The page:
We are familiar with volcanism as a fundamental process that has shaped the surfaces of the terrestrial planets in our solar system. However, cryovolcanism, the eruption of briny aqueous solutions, crystal-liquid slurries and/or vapor and crystalline ice, has shaped the surfaces of many of the ocean worlds and the dwarf planets in our solar system. From the enigmatic faculae or “bright spots” on dwarf planet Ceres, to the viscous cryolava domes and putative plumes on Jupiter’s moon Europa, cryovolcanism has played a significant role in the cycling of water and energy between the interiors and surfaces of these bodies and has often been presented as evidence for the existence of internal liquid reservoirs or subsurface oceans within them. Recent work has shown that cryovolcanism may also shape the surfaces and influence the evolution of H2O-rich extrasolar planets. Similar to the icy ocean worlds in our outer solar system, cryovolcanic eruptions on exoplanets that orbit beyond the H2O snowlines of their respective planetary systems could indicate the presence of internal liquid reservoirs, possibly subsurface oceans. Furthermore, the required internal cycling of liquid water and heat, which is necessary for cryovolcanism to operate on these worlds, may facilitate the formation of habitable niches within them. In this talk I will review my work studying cryovolcanic processes on the ocean worlds and dwarf planets in our solar system, discuss prospects for cryovolcanic activity on extrasolar ocean worlds, and consider the potentially important role that cryovolcanism could play in creating habitable conditions on ocean worlds throughout the universe. Lastly, I will review the goals of NASA’s Europa Clipper Mission, which will make new discoveries at our solar system’s own active ocean world.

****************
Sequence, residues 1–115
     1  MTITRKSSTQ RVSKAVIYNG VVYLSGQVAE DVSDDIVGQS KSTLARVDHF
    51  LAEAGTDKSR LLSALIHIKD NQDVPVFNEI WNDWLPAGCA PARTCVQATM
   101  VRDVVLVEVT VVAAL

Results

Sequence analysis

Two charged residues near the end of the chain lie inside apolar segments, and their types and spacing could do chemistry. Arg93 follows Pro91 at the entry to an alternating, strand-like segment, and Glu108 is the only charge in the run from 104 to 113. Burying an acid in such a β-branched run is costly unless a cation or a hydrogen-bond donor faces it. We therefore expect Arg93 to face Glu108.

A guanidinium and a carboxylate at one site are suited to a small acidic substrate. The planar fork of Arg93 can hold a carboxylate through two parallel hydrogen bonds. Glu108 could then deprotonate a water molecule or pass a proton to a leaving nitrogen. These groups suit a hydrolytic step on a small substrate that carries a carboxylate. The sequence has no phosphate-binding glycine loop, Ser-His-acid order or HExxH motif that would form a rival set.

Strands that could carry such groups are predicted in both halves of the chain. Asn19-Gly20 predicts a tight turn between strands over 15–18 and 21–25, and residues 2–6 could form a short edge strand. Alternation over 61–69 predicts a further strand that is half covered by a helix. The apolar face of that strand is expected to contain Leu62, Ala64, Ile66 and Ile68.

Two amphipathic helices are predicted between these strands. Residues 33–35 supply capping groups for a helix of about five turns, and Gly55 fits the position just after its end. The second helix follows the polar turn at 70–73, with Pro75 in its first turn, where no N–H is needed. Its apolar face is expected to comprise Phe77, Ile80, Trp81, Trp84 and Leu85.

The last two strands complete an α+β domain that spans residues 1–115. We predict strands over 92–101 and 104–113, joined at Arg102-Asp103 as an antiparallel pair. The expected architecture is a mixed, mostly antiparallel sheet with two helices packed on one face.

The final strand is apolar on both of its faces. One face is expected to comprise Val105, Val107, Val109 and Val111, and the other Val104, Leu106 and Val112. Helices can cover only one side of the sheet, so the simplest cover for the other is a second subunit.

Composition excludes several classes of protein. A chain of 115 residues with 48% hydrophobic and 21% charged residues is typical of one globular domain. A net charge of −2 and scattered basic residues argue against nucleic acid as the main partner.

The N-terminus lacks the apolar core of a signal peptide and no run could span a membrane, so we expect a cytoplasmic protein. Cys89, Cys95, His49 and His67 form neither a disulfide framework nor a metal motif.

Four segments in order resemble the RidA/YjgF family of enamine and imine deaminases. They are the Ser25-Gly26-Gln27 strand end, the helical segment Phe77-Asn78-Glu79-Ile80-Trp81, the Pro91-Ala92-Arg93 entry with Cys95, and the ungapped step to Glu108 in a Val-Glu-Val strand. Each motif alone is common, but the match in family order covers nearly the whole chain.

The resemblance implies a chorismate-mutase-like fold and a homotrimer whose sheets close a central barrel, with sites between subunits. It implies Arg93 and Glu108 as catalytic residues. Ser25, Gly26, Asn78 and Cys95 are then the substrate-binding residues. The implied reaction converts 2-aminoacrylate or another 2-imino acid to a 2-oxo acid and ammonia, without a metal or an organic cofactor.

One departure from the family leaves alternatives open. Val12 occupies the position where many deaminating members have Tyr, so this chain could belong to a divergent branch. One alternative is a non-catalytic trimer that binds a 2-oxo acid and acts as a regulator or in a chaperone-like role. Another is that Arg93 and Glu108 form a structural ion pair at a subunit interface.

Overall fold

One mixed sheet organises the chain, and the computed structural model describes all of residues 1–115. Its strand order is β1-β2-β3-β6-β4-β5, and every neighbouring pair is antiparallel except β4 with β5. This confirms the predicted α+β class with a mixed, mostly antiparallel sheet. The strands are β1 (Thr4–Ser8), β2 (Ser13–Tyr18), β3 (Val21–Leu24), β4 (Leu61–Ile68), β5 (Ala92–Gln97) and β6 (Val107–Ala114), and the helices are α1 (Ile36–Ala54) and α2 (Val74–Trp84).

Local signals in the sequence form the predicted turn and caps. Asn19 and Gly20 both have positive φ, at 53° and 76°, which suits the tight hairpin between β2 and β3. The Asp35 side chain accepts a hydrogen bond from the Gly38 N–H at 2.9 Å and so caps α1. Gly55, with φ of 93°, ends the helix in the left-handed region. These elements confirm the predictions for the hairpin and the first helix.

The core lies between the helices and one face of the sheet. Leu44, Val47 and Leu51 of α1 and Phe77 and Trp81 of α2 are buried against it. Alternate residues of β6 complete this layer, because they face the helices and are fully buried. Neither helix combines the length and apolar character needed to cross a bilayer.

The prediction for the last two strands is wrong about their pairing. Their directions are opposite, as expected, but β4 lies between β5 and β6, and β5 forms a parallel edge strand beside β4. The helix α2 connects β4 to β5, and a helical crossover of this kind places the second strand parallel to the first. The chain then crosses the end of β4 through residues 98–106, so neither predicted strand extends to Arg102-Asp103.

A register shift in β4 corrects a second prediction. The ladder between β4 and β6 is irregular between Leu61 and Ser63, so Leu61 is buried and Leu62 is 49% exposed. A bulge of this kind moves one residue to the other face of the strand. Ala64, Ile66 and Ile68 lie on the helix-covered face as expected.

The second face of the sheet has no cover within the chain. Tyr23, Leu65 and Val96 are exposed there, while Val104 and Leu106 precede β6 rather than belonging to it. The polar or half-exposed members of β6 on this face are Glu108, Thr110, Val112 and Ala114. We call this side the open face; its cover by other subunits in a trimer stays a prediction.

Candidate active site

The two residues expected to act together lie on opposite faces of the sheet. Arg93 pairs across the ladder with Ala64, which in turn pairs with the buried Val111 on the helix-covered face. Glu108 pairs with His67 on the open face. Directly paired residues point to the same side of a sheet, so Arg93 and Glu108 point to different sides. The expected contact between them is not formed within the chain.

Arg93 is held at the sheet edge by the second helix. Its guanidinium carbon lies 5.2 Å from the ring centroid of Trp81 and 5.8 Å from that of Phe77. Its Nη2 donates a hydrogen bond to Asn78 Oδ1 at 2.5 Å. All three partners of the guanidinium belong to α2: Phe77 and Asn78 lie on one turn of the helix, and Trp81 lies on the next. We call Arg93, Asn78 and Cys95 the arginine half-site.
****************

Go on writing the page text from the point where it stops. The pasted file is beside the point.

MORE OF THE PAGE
https://go.illinois.edu/AstroColloquium This event is virtual only. Not in person.